Northern Ireland

Karen Walsh did not intend to murder pensioner court told

Maire Rankin
Image caption Maire Rankin was found murdered in her home on Christmas Day 2008

A woman convicted of murdering a pensioner may not have intended to murder her, the Court of Appeal has been told.

Karen Walsh is seeking to overturn her conviction for murdering her neighbour on Christmas Day 2008.

Maire Rankin, 81, was found dead in the bedroom of her Dublin Road home in Newry, Co Down.

Ms Walsh's lawyers claim some injuries could have been inflicted on Ms Rankin during resuscitation attempts.

Opening her bid to clear her name, Ms Walsh's defence contended the trial judge failed to properly direct the jury on other key areas about the time of death, differences in DNA samples, and issues around Ms Walsh's level of intoxication.

The 48-year-old is currently serving a minimum 20-year prison sentence.

She had worked in Dublin but often stayed at a house she owned next door to the victim.

The devout Catholic pensioner suffered up to 15 broken ribs and had been beaten with a crucifix given to her as a wedding gift.

Evidence of a sexual assault - apparently carried out to cover the killer's tracks - was also discovered.

During her trial, the prosecution claimed Ms Walsh arrived at Mrs Rankin's home already drunk and with a bottle of vodka.

It was alleged that the mother-of-one then flew into a rage and attacked the pensioner after being chastised about her drinking and told to go home to her young son.

New evidence

Despite being found guilty of murder Ms Walsh continues to protest her innocence.

A defence barrister confirmed plans to introduce new evidence about phone calls made to Mrs Rankin's home on the night she was killed.

Image caption Despite being found guilty of murder Walsh has continued to protest her innocence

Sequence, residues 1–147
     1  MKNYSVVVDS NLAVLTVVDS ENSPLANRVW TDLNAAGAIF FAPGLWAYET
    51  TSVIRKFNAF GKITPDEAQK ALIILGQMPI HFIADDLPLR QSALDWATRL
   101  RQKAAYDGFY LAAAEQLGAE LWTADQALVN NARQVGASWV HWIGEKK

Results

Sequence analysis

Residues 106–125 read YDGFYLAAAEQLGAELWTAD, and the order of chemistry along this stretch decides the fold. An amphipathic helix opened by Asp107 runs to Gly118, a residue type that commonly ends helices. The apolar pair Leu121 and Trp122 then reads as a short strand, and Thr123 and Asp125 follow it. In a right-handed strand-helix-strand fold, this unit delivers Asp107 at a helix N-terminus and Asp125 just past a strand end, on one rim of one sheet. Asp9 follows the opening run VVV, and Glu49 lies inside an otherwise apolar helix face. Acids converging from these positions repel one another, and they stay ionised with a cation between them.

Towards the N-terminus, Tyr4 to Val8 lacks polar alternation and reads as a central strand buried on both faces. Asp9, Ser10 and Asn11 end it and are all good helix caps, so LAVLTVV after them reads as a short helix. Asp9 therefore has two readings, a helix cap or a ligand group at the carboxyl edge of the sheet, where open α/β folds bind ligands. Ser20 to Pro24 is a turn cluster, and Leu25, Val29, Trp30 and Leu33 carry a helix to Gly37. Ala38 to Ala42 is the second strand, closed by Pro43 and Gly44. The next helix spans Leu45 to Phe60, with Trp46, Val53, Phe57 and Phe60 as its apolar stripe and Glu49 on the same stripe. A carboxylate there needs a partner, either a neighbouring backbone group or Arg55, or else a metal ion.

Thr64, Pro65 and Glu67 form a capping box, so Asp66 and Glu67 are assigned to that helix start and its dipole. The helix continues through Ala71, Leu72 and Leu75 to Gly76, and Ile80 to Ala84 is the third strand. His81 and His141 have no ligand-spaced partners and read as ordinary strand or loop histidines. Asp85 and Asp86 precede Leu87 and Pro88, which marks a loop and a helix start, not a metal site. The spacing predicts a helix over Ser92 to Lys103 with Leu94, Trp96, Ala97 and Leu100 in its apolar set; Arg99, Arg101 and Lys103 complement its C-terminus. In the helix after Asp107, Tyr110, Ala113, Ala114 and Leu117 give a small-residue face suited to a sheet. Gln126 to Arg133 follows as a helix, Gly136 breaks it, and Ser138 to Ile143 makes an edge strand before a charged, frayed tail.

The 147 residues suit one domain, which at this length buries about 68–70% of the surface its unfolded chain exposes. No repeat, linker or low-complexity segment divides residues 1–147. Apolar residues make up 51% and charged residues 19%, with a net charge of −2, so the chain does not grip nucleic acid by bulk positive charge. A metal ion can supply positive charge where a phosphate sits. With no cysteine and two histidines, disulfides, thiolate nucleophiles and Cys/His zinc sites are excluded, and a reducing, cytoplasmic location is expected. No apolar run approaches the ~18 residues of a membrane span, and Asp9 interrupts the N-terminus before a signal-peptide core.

Turning to other grounds of challenge, the barrister claimed the trial judge failed to properly direct the jury on opinion-based evidence from a DNA expert in the case.

He also contended that guidance on the time of death went "far too far" in inviting jurors to dismiss a possible scenario which supported Ms Walsh's version of events.

The barrister told the three appeal court judges: "My client's case has always been that she is completely innocent of this offence."

Taking issue with how the jury had been directed on the perpetrator's plan, he argued: "The intention may have fallen short of an intention to cause serious harm."

The barrister advanced the possibility that whoever attacked Mrs Rankin then tried to revive her.

"The injuries could have been consistent with an attempt to resuscitate," he claimed.

Challenging him on that point, one of the appeal court judges, Lord Justice Gillen asked,: "Someone mysteriously went into the house, attempted to resuscitate her, caused these injuries incidentally and that person hasn't surfaced?"

But the barrister insisted reasonable consideration should have been given to that possibility.

According to his assessment the trial judge had "usurped" the function of the jury on important points at the trial.

The appeal continues.

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